I had a difficult time watching “Hey, Boo,” the documentary about Harper Lee airing tonight on PBS. It kept showing scenes from the movie “To Kill a Mockingbird” (based on Lee’s novel), and I kept misting up when it did. (Atticus leaving the courtroom, for heaven’s sake! The final revelation of Boo Radley. How could anyone not be moved?) “Mockingbird” is one of my favorite movies, and based on a book I have read many times. Indeed, while PBS is pairing the Lee documentary with one about Margaret Mitchell, author of “Gone With the Wind,” I argue that while “GWTW” is, to many, a loved book, “Mockingbird” is a great one. Problematic, yes, as I recognized the last time I read it (while taking a course on how to teach such books to middle-schoolers), but great nonetheless.
Maybe my feelings about “GWTW” and “Mockingbird” affected my view of the two documentaries, but I found the Lee piece much better than the one on Mitchell. The Mitchell documentary runs a little under an hour, and in that time is especially hampered by some cheesy re-enactments; it becomes most interesting only in its later stages, dealing with Mitchell’s evolving racial attitudes, which found her donating (albeit secretly) significant money to Morehouse College for scholarships; it cannot help but make you wonder what else she would have done had her life not been cut short when a car struck her. “Hey, Boo” is more thoughtful, particularly in the way it grapples with not only the writing of “Mockingbird” but with what the book means, how it resonates, what it says not only about race in the South but about class. It draws on other novelists affected by the book, as well as people like Oprah Winfrey, Rosanne Cash and Tom Brokaw, to reflect on its meditation on fathers and daughters, and small-town life, as well as the big issues; even the matter of Lee’s not publishing a second novel brings us back to “Mockingbird,” where the character most like herself may be not Scout but Boo.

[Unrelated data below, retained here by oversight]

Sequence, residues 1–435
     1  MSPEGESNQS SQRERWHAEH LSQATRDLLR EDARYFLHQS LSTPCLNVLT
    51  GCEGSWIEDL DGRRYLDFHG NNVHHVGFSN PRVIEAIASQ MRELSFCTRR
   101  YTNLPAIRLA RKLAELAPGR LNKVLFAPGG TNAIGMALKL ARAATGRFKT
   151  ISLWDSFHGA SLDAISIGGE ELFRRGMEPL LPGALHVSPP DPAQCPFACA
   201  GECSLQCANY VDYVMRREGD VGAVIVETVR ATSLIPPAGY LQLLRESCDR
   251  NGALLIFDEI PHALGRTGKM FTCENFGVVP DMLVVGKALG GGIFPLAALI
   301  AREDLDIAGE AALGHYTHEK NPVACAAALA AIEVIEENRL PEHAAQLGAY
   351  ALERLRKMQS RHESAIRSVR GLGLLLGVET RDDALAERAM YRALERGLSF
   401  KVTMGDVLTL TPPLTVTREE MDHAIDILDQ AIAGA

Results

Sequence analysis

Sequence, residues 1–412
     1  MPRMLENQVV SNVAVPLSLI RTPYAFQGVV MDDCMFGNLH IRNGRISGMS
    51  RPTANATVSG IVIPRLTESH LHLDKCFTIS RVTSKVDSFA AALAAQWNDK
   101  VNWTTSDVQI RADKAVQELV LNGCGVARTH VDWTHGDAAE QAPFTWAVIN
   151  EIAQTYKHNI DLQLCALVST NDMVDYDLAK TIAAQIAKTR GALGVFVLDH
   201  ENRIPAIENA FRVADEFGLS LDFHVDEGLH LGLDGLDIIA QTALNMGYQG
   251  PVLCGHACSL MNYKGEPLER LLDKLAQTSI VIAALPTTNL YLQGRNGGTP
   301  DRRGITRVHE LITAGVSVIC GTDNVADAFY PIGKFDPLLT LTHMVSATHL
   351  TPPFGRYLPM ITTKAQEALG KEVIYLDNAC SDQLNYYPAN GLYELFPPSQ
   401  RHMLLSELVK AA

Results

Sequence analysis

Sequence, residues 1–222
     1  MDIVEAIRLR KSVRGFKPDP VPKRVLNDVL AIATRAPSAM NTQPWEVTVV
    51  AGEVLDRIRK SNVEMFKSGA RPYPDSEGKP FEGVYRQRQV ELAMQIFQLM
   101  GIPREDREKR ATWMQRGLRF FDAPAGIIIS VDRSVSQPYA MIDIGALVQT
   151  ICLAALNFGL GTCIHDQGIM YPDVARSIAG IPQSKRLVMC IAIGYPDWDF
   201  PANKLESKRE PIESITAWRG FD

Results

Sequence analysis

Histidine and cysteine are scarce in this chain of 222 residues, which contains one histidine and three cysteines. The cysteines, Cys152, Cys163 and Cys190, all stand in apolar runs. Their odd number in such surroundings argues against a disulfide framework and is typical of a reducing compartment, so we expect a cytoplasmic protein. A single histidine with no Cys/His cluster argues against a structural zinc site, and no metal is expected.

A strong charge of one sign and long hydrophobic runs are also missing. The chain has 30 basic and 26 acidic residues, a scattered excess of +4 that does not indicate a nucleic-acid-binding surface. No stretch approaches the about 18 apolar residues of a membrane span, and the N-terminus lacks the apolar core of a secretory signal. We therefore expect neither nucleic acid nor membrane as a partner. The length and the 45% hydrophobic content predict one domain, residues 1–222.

As good as the documentary is, I do wish it had dug more into how “Mockingbird” handles race, particularly in the way the characters are shown. (A criticism of “GWTW,” that the African-Americans are caricatures instead of characters, is one that can also be argued about “Mockingbird.”) And its need to cover Lee’s biography thoroughly leads into a rather long digression about her friendship with Truman Capote which is intriguing but veers away from the stronger currents in the production.
Still, I was reminded yet again of all that is valuable in “Mockingbird,” and have no doubt I will read it again. And that I will find far more worth considering than “GWTW” contains.